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Embedded Systems December 2000 Vol13_13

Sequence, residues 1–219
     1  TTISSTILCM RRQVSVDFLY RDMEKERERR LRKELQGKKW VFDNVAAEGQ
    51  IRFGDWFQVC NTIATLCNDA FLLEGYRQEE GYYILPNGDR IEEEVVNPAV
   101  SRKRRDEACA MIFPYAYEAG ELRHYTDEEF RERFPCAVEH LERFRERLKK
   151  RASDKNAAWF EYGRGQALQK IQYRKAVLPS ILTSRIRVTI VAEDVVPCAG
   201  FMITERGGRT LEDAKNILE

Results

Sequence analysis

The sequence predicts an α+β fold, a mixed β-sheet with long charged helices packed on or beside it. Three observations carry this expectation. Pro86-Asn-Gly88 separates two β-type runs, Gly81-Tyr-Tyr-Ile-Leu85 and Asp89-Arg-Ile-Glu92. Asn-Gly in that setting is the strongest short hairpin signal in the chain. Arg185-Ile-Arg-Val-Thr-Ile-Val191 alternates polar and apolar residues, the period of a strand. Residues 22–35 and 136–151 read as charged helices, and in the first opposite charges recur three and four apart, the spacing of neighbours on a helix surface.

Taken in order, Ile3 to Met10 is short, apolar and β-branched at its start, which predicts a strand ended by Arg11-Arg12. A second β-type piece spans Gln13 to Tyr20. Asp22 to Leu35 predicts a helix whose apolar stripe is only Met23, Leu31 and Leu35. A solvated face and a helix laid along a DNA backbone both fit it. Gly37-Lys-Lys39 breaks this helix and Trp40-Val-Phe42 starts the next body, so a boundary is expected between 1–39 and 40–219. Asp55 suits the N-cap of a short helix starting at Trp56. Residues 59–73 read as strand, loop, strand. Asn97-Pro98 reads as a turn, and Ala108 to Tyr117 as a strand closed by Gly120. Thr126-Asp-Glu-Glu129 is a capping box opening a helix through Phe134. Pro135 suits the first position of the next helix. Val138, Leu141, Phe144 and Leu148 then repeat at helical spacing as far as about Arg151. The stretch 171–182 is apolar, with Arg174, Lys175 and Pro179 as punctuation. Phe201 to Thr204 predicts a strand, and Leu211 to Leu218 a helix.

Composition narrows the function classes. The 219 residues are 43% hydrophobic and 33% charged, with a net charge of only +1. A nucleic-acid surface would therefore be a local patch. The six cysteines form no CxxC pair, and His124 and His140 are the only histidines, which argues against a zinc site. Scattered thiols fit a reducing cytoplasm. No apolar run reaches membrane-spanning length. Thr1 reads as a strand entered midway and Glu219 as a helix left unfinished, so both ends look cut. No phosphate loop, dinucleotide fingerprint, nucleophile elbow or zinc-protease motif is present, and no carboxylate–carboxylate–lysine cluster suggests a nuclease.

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~ = o = n o fD ~ Configuration constants Variable input ports Port-based object ~~------~------~~ :1--:--_ Y1 n---.... ym Resource ports, for communication with sensors, actuators, and other subsystems Variable output ports rectangle, with input and output ports shown as arrows entering and leaving the side of the rectangle. Configuration constants are drawn as arrows entering/ leaving the to p of the rectangle. Resource ports are shown as arrows ente ring/ leaving th e PBO from the bottom. A PBO executes as an independent TABLE 1 Recon- gfwdkin ginvkin tball cinterp puma pfwdkin pinvkin Generalized forward kinematics Generalized inverse kinematics Trackball interface Cartesian trajectory interpolator Puma interface figurable Modular Manipulator System (RMMS) Compute Forward Kinematics based on the DH- parameters obtained during initialization of the module Computer I nverse Kinematics based on the DH- parameters obtained during initialization of the module A hardware-dependent interface to a six-degree of-freedom trackball Given the current measured position and the desired final position, compute the intermediate reference positions Hardware-dependent interface to Puma 560 robot Puma forward kinematics Compute forward kinematics for a Puma 560 robot Puma inverse kinematics Compute inverse kinematics for a Puma 560 robot Lion between objects is based on a structured bl ackboard design that operates as follows. When a process needs in formation, it obtains the most recent data avail- able from its in/Jut paris. This port can be viewed metaphorically as a window in your house; whatever you see out the window is what you get. There is no synchronization wi th other process- es and there is no knowledge as to the o rigin of the information tha t is obtained from this port. When a p rocess generates new information that might be needed by othe r p rocesses, it sends thi s infor- matio n to its outfJu t fJorts. An o u tput port is like a door in your home; you can op en it, place items outside for oth ers to see, th en close it again . As with the input ports, there is no syn- chro nizati o n with oth e r processes, no r do you know who might look at the information placed on the out- pu t po rts. In addi tion to th e independent process, the object is selected as a n ele- mental software abstraction. As stated by Wegner, an object is the atomic u nit of encapsulation, with opera- tions that con trol access to the data.l2 l J Th e term o bject does not imply "object-ol-iented design," which is an extension to objects to include polym01phism and inheritance. The ref- erences to obj ects in thi s arti cle are classifi ed as objecl-ba~'P(i dpsign, as defin ed by Wegner 's distin ctio n of that term and object-oriented design.l221 Note that obj ects wi tho ut inhe ritance a nd polymo rphism a re in e ffec t abstract data types (ADTs) , and are easily implemented in C; C++ is not necessal-Y· The algebra ic model of a port automaton and the software abstrac- tion of an obj ect are combined to cre- ate the PBO model, as depicted in Figure 2. A PBO is drawn wi thin a data-flow diagram as a round-corner 104 DECEMBER 2000 Embedded Systems Programming concurrent process, whose fun ctional- ity is defin ed by methods of a stan- dardized obj ect. In C, the objects are impleme nted as ADTs. Commu- nication with other modules is res trict- ed to its input ports and output ports, as described above. The configumlion constants a re used to reconfigure generic components for use with spe- cific hardware o r applications. In addition to input and output ports, we also defin e resource ports, which are needed to create an envi- ronment for multi-sensor integration. The resource ports are fo r modeling only to show the source or destination of data th at is exchanged with I/O hardware. In practi ce, the resource ports are implemented in a hardware- dependent manner, as the reads and writes of the I/O hardware 's registers. The resource po rts connect to sensors and actuators, allowing the PBO model to be used to replace the more traditional POSIX style of device dri- vers. Details of accessing the sensor or actuator are encapsulated within the PBO, resulting in an HD interface component. Modelling PBOs to have optional configuration cons ta n ts and resource ports allows the use of the same PBO model for different types of compo- nents. A sample library of PBO objects for robotic manipulators is shown in Table 1. The library represents a sub- set of PBOs that were created in a ro boti cs labo rato ry at Carnegie Mellon University.ll 91 An importa nt n ote a bo ut th e functi onal descrip tio ns of the mod- ules is that the framework is designed independent of th e granulari ty of functio nality in each PBO. The gran- ularity is defin ed by th e software

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